With their record company pressuring the group to change their sound and their look completely, the Dead Boys split up in 1979. But just a few months later, the band was forced to reunite for the recording of a live album at CBGB's (due to contractual obligations). To get revenge at Sire, Bators purposely sang off-mic, resulting in an (expected) unusable recording (when the album was reissued for the Bomp label several years later, Bators re-recorded his vocals in the studio). Despite splitting up once more shortly afterwards, the Dead Boys would reunite for the odd show here and there throughout the '80s. Bators tried his hand at acting in such films as Polyester and Tapeheads, in addition to pursuing a solo career (1980s new wave Disconnected), before joining forces with ex-members of Sham 69 in the group the Wanderers (who issued a lone album, 1981's Only Lovers Left Alive), and ex-Damned guitarist Brian James in the goth-punk outfit Lords of the New Church (releasing several albums between '82 and '88). Having relocated to Paris, France, Bators then attempted to assemble a punk supergroup, of sorts, which was to have included Johnny Thunders and Dee Dee Ramone, which fizzled out before any recording could get under way. On June 4, 1990, Bators died from injuries sustained after being hit by a car in Paris.

After Bators' death, countless Dead Boys compilations, live sets, and rarities collections were issued, including such titles as Twistin' on the Devil's Fork: Live at CBGB's, Magnificent Chaos, Down in Flames, All This & More, and Liver Than You'll Ever Be, in addition to releases by the pre- Dead Boys outfits Rocket from the Tombs (The Day the Earth Met the Rocket from the Tombs) and Frankenstein (Eve of the Dead Boys: October 1975). Despite only issuing a pair of studio recordings during their brief but colorful career, the Dead Boys' influence on subsequent rock bands continues to be felt to this day, as such acclaimed groups as Guns N' Roses and Pearl Jam covered their songs in the '90s and 2000s.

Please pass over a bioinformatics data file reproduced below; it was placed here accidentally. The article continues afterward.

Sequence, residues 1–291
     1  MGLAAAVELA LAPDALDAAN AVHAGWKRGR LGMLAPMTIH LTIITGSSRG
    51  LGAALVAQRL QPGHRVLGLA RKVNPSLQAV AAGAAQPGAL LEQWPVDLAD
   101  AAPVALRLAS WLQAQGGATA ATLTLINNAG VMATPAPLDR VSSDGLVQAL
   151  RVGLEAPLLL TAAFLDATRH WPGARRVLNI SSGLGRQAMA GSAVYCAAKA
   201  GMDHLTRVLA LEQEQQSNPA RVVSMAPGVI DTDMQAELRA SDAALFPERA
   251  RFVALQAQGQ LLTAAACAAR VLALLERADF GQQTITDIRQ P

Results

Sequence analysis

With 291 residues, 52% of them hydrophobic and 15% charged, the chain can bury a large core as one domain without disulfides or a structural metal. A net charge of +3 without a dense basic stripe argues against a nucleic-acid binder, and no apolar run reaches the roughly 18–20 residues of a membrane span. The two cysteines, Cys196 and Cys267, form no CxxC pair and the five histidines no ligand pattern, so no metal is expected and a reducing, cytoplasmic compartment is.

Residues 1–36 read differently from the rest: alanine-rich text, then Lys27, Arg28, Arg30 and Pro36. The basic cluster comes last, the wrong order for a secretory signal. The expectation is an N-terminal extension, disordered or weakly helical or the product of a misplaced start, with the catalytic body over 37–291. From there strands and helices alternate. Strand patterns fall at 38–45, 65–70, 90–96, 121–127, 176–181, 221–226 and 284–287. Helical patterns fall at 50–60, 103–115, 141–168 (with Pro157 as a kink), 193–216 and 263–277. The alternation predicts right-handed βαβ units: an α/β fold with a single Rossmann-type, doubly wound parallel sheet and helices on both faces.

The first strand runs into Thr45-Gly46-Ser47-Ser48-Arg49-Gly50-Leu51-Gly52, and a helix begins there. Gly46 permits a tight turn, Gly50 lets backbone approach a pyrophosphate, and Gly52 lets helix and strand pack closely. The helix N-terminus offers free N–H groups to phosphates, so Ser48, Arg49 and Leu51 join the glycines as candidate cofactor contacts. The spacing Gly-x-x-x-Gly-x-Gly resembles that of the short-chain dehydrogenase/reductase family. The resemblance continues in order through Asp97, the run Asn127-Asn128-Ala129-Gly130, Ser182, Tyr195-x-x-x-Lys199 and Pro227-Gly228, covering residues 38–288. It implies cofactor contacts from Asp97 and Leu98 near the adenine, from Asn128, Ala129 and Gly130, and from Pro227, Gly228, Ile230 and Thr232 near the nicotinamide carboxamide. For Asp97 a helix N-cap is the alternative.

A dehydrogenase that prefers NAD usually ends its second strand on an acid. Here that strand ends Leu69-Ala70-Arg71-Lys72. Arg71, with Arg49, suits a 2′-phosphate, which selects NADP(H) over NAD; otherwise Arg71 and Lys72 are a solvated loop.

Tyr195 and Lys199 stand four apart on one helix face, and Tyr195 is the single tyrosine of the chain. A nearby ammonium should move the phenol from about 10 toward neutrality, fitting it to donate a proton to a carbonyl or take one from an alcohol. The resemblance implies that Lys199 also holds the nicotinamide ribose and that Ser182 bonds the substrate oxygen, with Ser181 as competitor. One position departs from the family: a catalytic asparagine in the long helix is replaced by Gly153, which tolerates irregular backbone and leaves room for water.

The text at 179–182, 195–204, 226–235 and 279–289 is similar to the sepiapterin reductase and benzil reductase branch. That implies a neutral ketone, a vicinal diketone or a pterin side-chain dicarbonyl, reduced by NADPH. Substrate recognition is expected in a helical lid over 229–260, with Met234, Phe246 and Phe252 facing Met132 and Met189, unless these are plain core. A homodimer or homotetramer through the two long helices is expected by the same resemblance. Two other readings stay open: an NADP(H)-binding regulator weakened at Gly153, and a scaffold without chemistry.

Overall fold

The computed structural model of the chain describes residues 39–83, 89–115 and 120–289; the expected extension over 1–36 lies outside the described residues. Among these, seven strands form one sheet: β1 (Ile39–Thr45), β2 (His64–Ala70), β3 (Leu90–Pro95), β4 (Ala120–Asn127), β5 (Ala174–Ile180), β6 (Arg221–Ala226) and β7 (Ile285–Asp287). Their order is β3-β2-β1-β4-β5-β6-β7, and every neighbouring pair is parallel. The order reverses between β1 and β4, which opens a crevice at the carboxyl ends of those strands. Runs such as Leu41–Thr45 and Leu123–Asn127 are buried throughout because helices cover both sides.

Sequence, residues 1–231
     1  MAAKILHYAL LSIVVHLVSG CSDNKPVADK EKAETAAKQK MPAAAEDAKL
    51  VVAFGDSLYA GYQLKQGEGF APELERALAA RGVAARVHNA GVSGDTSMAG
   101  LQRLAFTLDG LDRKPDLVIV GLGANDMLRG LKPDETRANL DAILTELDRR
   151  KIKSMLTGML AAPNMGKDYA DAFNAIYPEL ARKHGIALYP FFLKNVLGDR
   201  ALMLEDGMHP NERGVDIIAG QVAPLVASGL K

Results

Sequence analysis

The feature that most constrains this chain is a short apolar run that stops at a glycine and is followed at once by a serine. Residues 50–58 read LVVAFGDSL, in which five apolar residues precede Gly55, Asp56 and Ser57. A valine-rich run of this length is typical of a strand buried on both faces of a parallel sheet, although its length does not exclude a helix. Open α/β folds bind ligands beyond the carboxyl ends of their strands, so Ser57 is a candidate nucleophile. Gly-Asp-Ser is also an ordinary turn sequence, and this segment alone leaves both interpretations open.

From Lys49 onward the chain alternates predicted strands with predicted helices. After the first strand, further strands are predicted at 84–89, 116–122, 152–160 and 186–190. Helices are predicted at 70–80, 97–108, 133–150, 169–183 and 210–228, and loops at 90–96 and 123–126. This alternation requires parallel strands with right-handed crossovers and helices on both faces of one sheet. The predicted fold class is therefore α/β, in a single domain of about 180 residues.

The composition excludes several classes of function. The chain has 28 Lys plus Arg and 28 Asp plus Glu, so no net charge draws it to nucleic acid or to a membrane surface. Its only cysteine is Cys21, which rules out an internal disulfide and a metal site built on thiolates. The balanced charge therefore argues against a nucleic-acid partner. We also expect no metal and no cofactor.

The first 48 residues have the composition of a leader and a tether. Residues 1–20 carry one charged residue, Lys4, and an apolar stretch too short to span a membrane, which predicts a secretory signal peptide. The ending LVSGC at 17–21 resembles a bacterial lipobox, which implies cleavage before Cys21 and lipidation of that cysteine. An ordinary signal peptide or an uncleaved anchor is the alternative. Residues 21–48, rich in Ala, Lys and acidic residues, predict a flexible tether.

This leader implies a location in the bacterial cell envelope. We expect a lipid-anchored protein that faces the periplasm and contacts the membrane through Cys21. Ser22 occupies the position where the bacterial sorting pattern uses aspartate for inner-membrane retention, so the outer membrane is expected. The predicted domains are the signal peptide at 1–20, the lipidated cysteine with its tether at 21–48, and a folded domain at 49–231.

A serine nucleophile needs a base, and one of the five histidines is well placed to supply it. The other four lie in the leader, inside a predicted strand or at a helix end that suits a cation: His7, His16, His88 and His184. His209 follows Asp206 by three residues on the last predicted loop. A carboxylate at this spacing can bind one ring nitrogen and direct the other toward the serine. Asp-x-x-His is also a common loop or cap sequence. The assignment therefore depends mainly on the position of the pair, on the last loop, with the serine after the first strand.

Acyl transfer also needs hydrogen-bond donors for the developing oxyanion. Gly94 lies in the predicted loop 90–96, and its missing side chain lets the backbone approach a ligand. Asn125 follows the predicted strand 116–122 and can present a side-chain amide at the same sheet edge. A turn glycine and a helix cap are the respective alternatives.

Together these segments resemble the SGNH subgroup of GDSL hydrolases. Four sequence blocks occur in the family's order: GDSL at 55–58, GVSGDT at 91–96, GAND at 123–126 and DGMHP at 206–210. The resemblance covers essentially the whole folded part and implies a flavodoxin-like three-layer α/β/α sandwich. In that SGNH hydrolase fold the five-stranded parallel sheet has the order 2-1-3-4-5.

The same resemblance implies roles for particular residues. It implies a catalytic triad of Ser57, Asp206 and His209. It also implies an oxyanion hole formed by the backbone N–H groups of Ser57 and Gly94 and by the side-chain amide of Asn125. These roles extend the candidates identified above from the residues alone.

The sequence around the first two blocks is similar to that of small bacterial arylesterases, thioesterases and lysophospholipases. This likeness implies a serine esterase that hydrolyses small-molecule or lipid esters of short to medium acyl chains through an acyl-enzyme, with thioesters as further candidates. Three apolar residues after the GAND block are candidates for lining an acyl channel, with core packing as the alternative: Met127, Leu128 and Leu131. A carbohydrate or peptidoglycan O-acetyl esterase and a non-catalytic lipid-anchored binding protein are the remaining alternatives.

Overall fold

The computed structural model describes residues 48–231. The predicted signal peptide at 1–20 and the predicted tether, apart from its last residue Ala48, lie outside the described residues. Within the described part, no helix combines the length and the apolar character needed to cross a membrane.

Fellow Cleveland types Pere Ubu may have won the artistic kudos for their adventurous, surprising work, but if the goal was just to rock and rock again, the Dead Boys had them totally trumped. As both title phrase and capsule description, Young, Loud & Snotty accurately defines the predominating aesthetic so well that one could just leave it at that, but there's a lot more going on here than on the face of it. With perhaps surprising great production from demi-famous '70s rocket Genya Ravan, the five-some found something sonically smack in-between the US garage/punk heritage of the past and the more modern thrashings from overseas. Bators sneers, gobs, gasps, and whines with the best of them, but he knows his rock history, as does his bandmates. Zero and Chrome aren't guitar virtuosos, but they do know what makes a song great and aren't afraid to concentrate on that, while the Magnum/Blitz rhythm section keeps things moving as it does. In some ways songs like "All This and More" and "I Need Lunch" simply emerge from an alternate '50s, with admittedly much more feedback and stereo sound. Stone cold rock classic "Sonic Reducer" starts things off -- amusingly -- with all sorts of phased drums and other fripperies that later generations wouldn't consider punk at all. That said, it's still blunt, brilliantly sung by Bators and kicks out the jams with messy energy. Other all-time greats include the perfect bored-and-needing-kicks anthem "Ain't Nothin' to Do" and the thoroughly wrong "Caught With the Meat In Your Mouth." There's even a rock oldie -- a cover of "Hey Little Girl" live onstage at spiritual home CBGB's. And why not? With great punk rock and great rock, Young, Loud and Snotty still packs a punch.